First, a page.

Tag Archives: nutrition

Post-Transplant Expenses You Need To Know About

Jennifer Alley was born with myopathic intestinal pseudo-obstruction, a chronic rare disease. She received an intestinal transplant in 2004 with support from her husband and son.

Jennifer Alley HelpHOPELive


How has the transplant impacted your life?


I have been sick since birth. Before my transplant, I was always in and out of the hospital and I had three internal tubes: one to empty my stomach, one to empty my bladder and one that served as a permanent IV line in my chest to deliver total parenteral nutrition (TPN). My body is now free of those tubes! Before my transplant there was no chance of me having a baby, but thanks to my organ donor, I was able to give birth in 2008. To honor my donor, we gave our son my donor’s name, Steven, for a middle name.

Jennifer Alley HelpHOPELive

“We gave our son my donor’s name, Steven, for a middle name”

It’s important to realize that a transplant is an improvement, not a “poof, it’s gone!” cure. Transplant recipients are immunosuppressed, so I can get sick very easily. Even something like the flu is much worse and much more threatening to me than to others, so we are always asking family members if they are sick before we go to see them. There are also certain foods I still can’t eat.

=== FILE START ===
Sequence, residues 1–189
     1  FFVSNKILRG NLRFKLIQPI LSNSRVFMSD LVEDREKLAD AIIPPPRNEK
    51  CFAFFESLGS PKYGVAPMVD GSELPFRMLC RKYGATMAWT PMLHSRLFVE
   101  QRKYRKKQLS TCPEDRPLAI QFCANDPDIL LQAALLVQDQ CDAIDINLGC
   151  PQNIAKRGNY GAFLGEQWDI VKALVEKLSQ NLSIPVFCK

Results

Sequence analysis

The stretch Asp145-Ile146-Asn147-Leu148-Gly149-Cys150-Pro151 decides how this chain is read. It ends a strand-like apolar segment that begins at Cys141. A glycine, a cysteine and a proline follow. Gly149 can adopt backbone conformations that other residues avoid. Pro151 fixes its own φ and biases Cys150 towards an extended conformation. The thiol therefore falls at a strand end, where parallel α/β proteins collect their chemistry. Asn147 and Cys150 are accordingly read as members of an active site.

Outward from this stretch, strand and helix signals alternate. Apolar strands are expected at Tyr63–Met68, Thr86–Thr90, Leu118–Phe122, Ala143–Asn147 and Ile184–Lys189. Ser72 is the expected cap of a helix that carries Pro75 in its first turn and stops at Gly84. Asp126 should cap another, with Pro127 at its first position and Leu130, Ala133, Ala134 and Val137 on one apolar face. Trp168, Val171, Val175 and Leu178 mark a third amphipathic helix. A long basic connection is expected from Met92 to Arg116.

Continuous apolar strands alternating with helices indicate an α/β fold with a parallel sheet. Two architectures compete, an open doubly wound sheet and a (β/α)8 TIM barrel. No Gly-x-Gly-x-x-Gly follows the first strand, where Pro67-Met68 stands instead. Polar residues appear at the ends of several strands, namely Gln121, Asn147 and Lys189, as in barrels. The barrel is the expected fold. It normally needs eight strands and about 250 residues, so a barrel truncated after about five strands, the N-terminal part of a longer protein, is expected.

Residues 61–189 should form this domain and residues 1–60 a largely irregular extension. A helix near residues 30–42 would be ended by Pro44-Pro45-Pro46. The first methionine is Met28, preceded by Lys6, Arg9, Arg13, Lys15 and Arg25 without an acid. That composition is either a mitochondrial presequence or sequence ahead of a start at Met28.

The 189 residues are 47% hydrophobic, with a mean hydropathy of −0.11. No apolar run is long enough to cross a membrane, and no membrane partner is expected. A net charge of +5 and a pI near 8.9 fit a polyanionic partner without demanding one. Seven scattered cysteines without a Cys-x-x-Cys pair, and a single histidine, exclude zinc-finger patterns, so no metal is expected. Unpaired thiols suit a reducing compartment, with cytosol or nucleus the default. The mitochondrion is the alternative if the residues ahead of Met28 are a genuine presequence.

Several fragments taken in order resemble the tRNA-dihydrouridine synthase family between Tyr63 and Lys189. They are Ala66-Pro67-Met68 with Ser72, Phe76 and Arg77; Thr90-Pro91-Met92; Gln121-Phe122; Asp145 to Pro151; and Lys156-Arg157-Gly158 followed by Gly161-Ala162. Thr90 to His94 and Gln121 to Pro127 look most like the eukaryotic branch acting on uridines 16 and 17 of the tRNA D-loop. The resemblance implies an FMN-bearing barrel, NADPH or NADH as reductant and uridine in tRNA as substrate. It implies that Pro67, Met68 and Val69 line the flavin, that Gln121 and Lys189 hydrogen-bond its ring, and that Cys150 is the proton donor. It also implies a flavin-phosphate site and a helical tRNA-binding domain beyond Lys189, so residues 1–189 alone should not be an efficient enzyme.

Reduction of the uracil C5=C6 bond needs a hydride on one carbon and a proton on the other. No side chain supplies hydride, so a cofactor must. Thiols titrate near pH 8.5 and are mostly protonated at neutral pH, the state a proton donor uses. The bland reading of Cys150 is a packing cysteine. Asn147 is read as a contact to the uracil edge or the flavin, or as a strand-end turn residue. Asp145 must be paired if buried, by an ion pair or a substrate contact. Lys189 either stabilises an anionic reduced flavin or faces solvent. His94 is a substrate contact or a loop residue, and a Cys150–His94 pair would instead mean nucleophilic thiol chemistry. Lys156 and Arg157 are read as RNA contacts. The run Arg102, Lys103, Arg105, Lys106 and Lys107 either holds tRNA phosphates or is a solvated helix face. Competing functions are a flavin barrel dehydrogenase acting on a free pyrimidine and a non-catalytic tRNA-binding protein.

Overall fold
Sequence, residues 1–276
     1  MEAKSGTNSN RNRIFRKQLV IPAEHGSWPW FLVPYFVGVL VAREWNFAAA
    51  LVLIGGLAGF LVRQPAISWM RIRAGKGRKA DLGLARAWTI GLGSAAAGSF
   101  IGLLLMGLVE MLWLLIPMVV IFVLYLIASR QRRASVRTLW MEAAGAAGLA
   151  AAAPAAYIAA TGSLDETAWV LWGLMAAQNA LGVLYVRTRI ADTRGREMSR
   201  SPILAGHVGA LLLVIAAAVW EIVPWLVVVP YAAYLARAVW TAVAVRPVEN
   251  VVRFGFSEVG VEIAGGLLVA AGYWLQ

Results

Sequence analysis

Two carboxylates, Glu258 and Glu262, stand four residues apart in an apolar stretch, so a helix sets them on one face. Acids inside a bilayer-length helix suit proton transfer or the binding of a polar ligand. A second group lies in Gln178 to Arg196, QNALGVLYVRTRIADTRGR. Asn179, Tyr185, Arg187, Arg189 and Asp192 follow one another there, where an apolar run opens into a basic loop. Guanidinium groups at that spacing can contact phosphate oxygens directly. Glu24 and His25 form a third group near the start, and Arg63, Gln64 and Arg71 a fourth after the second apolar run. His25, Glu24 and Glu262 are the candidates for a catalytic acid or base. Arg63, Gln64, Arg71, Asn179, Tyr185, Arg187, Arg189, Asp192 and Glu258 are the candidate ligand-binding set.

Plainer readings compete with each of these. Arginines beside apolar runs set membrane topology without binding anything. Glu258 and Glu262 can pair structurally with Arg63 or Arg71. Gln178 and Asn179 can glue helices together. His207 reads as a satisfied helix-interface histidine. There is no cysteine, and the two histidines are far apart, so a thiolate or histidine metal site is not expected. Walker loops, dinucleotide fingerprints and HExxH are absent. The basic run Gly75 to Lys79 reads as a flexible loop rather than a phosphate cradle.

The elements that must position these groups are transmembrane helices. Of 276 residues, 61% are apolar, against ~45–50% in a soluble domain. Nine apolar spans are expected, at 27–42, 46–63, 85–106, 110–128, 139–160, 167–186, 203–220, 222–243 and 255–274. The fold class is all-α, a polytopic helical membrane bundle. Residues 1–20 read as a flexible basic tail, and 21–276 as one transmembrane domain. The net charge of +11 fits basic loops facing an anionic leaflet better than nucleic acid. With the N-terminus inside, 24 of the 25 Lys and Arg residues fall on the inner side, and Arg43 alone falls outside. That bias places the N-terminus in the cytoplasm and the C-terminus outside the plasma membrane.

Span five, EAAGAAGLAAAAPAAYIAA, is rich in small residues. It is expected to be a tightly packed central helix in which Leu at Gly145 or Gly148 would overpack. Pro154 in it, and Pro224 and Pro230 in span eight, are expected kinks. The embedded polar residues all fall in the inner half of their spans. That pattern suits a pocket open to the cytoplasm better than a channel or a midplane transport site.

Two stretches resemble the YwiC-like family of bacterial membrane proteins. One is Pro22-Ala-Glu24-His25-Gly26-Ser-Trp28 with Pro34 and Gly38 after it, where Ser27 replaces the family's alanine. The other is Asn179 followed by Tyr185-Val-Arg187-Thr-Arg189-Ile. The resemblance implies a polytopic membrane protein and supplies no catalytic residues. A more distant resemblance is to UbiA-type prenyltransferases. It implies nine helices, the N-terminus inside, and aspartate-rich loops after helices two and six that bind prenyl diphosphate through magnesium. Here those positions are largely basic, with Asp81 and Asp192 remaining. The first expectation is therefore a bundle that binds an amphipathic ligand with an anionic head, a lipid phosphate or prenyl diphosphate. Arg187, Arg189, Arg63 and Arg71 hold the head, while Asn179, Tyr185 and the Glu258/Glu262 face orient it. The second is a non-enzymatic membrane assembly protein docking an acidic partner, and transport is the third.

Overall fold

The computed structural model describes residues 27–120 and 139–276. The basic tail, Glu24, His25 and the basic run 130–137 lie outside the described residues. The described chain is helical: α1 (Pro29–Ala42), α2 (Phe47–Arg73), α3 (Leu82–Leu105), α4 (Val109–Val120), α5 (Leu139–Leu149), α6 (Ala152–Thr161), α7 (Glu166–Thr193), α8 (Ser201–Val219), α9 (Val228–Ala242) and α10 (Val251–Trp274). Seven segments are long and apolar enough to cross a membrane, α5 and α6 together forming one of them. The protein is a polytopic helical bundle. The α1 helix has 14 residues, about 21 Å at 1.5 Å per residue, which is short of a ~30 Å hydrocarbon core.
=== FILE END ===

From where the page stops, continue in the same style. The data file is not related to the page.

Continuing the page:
Are there emotional adjustments?


A transplant has a big emotional impact. I still am in and out of the hospital at times and I still have to leave my home and go to the transplant center in Pittsburgh when things go wrong. That includes leaving my son at home with my parents when my husband and I go. I miss my son and family so much when I’m there. My dogs help me emotionally; they have since I was little. Not having a dog with me at Pitt is hard!


Were you prepared for the financial impact of your transplant?


We knew getting a transplant would be expensive and it certainly was. A small intestine transplant is one of the most expensive transplants out there. However, we were not prepared for the post-transplant care expenses. After transplant, you have ongoing expenses to keep your organ working. That has taken a financial toll on our family.